The Court held that the statement of reasons for the Commission's Decision on those arguments consisted solely of a series of mere assertions and negations, which were repetitive and by no means detailed. In the particular circumstances of the case and in the absence of further details, the Court considered that series of assertions and negations was not such as to enable Elf Aquitaine to ascertain the matters justifying the measure adopted or to enable the court having jurisdiction to exercise its power of review.

For example, owing to the way in which the Commission's Decision was worded, it was very difficult, or even impossible, to know whether the body of evidence adduced by Elf Aquitaine to rebut the presumption applied to it by the Commission was rejected because it was insufficient to carry conviction or because, as the Commission saw it, the mere fact that Elf Aquitaine owned nearly all the share capital of Arkema was sufficient for liability for the conduct of Arkema to be imputed to Elf Aquitaine, irrespective of the evidence adduced by the latter in response to the Commission's allegations.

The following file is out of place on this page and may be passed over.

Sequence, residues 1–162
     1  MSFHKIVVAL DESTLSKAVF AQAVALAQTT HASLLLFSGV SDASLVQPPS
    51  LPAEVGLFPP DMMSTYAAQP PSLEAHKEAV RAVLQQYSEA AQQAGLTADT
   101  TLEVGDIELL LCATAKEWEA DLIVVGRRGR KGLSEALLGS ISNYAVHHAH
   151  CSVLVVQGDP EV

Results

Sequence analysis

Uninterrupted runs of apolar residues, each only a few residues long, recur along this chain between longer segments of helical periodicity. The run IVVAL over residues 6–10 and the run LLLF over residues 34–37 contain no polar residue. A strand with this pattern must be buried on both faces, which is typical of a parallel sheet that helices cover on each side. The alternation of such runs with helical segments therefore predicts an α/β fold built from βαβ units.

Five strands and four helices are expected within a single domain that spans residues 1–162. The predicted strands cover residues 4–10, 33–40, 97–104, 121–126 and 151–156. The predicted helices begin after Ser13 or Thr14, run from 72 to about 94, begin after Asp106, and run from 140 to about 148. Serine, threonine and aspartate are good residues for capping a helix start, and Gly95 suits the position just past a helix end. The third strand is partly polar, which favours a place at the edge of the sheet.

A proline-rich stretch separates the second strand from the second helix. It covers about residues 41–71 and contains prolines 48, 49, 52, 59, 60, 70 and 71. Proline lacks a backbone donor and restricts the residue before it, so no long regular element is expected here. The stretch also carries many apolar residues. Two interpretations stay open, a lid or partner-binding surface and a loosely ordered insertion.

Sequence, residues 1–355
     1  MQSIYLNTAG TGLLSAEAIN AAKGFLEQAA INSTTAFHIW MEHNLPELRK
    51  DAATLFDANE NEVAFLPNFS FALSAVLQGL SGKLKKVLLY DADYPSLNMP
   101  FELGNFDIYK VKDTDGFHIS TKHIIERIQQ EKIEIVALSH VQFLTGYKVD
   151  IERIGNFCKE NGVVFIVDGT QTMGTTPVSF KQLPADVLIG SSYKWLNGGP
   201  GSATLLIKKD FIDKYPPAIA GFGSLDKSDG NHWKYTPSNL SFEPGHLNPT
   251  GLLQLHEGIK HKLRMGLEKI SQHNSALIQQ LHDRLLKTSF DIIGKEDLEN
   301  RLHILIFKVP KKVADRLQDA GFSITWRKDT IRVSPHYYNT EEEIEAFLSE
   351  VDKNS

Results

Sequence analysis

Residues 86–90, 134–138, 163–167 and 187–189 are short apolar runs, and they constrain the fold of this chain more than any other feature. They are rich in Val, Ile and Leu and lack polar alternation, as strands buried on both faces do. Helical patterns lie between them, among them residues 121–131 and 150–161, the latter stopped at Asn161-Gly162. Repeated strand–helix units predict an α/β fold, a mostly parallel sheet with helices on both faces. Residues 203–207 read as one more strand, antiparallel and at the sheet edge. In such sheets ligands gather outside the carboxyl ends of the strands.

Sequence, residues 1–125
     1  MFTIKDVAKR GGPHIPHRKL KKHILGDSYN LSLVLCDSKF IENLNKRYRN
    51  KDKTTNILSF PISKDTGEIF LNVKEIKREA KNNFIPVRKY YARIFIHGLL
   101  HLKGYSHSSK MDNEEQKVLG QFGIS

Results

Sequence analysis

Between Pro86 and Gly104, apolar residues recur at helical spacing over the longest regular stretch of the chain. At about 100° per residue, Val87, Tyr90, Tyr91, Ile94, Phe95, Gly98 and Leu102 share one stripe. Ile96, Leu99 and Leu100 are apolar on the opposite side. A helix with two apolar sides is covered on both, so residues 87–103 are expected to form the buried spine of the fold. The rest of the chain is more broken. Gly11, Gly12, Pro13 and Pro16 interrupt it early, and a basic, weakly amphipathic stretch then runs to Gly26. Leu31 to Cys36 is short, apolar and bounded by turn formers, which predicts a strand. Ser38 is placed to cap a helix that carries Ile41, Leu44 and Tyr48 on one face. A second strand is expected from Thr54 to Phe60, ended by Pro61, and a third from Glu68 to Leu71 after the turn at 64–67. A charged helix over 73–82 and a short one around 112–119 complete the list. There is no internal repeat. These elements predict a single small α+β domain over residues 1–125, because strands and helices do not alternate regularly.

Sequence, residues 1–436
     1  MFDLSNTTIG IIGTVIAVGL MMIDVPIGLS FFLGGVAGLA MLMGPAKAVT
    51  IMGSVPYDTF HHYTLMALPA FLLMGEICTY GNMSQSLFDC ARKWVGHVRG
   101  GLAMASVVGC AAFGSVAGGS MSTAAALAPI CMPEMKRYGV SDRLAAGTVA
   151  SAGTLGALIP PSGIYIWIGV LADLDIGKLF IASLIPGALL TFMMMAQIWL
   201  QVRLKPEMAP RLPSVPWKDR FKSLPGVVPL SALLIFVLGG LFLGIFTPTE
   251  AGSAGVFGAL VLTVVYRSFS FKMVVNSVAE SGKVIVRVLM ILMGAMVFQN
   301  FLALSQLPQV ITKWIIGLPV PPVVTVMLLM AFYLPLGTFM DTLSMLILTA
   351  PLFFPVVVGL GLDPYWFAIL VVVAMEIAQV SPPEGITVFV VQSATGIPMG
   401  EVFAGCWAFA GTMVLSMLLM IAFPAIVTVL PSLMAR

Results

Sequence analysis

In said circumstances, the Court set aside the judgment of the CFI and also the Commission's Decision insofar as it imputed to Elf Aquitaine the infringement in question and imposed a fine on it.

With regard to Arkema, the Court rejected all its arguments. The Court held, inter alia, that the Commission did not breach the principle of proportionality when calculating the fines it imposed on Arkema


1 Decision C(2004) 4876 final of 19 January 2005 relating to a proceeding under Article 81 [EC] and Article 53 of the EEA Agreement (Case COMP/E-1/37.773 – MCAA).

2 A substance used as a chemical intermediate, in particular in the manufacture of detergents, adhesives, textile auxiliaries and thickeners in food products, pharmaceuticals and cosmetics.

3 See Commission Decision 94/599/EC of 27 July 1994 relating to a proceeding pursuant to Article [101 TFEU] (IV/31865-PVC) (OJ 1994 L 239, p. 14).

4 See Case T-168/05 Arkema SA v Commission and Case T-174/05 Elf Aquitaine SA v Commission.

5 Case C 520/09 P Arkema SA v Commission and C-521/09 P Elf Acquitaine SA v Commission.